Before cameras were commonplace in the birding community, a written description would often suffice as evidence of a rare bird sighting. However, as technology grows and becomes more available, photos are encouraged by the committees and officials who 'confirm' these sightings.
Superzoom cameras are great cameras for documenting birds. Additionally, digiscoping or digibinning can provide documentation shots. Below is a list of optics which are great for those new to documenting rare birds.
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Personally, I do not put great effort into sharing my sightings with 'birding committees' unless it is part of a greater effort (CBC, breeding atlas, etc). I do always try to share my sightings with a local birding community so they can enjoy unusual bird sightings.
How to Report a Rare Bird?
After you have found a rare bird and documented it properly, you may want to share it. eBird is a great way to share the sighting globally. Most states also have email listservs where you can also share your sightings with locals who do not use eBird or Facebook. If you do not know how to report to a bird committee, asking in one of these listservs is a great way to find out how to file an official report.
When Should You Report a Rare Bird?
As I mentioned above, reporting a rare bird to a data collection effort is always ideal. However, you may want to delay a report of your sighting if the bird is potentially at risk. The American Birding Association offers this tip on ethics:
Avoid stressing birds or exposing them to danger. Be particularly cautious around active nests and nesting colonies, roosts, display sites, and feeding sites. Limit the use of recordings and other audio methods of attracting birds, particularly in heavily birded areas, for species that are rare in the area, and for species that are threatened or endangered. Always exercise caution and restraint when photographing, recording, or otherwise approaching birds.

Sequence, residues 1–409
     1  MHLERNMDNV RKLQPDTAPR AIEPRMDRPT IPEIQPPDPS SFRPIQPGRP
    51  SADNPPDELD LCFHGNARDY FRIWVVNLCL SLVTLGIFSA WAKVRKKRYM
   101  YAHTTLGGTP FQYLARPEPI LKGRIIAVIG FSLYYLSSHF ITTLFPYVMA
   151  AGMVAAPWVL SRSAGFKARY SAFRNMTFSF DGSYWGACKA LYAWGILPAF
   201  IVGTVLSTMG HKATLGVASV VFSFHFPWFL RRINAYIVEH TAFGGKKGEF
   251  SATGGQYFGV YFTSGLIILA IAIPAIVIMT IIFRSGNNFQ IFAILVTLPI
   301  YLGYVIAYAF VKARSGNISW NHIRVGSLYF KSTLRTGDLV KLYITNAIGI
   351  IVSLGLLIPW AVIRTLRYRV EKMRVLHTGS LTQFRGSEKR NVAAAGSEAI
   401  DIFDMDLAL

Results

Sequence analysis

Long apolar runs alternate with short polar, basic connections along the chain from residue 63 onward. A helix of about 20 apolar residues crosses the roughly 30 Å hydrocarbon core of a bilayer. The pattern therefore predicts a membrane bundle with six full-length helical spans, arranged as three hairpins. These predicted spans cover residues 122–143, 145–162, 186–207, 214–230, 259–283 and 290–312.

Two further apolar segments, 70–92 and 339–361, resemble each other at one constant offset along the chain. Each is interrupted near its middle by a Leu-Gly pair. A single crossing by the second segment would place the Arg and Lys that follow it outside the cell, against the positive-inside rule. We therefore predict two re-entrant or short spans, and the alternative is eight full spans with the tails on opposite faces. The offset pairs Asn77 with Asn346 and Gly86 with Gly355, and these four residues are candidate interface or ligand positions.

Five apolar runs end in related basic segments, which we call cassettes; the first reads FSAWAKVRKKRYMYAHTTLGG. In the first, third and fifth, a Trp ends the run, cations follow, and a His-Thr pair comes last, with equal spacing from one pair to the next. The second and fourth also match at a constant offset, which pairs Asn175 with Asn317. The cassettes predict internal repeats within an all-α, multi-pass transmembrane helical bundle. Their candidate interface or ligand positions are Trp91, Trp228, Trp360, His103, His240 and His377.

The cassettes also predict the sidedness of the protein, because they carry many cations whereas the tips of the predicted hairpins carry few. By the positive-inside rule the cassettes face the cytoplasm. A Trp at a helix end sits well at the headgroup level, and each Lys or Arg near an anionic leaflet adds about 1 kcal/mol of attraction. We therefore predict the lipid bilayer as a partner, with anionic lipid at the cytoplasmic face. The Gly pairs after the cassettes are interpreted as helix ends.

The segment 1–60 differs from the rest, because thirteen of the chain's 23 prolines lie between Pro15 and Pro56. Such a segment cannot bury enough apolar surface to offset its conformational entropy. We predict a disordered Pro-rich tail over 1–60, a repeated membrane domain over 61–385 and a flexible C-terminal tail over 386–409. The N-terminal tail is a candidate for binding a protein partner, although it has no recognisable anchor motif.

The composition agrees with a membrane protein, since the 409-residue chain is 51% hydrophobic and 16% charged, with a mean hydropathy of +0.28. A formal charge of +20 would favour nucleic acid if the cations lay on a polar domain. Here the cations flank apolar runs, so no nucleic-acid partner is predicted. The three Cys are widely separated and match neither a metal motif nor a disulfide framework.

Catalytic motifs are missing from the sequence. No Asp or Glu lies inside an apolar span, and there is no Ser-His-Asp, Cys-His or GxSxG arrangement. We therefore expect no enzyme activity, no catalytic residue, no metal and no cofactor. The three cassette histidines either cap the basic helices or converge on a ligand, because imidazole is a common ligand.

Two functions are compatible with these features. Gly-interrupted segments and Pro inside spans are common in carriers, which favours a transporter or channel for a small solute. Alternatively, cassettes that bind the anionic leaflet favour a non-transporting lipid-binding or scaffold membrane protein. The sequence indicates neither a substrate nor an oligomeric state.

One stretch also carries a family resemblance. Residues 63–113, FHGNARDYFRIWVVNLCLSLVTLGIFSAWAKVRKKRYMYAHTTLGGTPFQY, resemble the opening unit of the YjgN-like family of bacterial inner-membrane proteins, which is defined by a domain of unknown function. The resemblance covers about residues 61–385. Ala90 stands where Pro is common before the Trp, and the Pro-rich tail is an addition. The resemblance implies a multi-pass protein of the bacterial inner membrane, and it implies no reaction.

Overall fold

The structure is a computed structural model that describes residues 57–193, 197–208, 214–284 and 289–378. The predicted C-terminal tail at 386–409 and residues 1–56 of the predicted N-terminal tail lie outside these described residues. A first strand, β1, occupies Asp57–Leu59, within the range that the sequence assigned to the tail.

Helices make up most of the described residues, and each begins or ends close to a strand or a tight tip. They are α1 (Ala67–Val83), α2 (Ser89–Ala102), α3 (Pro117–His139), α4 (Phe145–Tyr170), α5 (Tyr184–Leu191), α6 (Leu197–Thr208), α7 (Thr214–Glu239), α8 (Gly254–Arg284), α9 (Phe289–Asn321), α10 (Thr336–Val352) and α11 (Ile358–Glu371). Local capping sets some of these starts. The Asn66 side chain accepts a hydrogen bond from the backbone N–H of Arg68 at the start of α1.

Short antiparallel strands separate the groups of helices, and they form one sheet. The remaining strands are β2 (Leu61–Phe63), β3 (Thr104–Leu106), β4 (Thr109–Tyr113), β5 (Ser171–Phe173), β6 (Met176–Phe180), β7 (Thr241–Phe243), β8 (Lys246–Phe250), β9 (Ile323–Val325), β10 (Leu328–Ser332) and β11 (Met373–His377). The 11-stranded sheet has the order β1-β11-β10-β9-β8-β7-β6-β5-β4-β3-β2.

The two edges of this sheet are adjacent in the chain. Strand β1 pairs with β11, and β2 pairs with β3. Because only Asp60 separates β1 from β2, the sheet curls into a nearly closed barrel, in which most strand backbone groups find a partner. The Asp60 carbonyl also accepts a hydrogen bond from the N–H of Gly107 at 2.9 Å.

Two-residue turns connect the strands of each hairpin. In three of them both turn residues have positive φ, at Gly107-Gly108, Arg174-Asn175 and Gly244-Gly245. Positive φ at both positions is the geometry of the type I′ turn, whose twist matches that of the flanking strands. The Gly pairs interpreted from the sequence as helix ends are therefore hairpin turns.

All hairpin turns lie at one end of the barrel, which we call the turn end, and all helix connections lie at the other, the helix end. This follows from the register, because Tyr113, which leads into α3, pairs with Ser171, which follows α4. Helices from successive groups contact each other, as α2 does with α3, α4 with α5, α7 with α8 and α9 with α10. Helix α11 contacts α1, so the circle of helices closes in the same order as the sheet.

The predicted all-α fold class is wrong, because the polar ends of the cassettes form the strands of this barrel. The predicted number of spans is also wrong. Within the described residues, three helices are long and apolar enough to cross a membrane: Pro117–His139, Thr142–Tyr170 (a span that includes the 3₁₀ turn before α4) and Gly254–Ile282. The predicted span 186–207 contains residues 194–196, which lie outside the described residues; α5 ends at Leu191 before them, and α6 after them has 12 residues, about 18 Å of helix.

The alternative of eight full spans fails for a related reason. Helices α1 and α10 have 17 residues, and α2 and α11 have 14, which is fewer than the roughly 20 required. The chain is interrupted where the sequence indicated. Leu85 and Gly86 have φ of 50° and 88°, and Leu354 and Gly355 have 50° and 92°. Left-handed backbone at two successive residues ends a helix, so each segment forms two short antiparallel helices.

The key take-away is the line about minimizing a bird's exposure to danger. While we do not like to think of it, there are ugly sides to birding. Some rare birds can cause enough of a stir that birders will appear in droves and put a lot of stress on the individual. This has led to the deaths of birds that were far out of range. Of course, if you do not share a rare bird sighting, you may create some angry bird-lovers. Which leads us to...
Reactions to a Rare Bird Sighting
When you report a rare bird, local birders can go cuckoo! However, if you do not share that bird, you may catch flack for behavior referred to as suppressing a rarity. Some birders might also refer to you as a gripper for holding on tightly to your sighting. Do not be deterred by these people. If you choose to protect a sighting, those who disagree do so often out of jealousy and selfish behavior. Ignore them and enjoy the birds!
Of course, to identify common and rare birds, you will want a proper field guide! Here is our recommendation.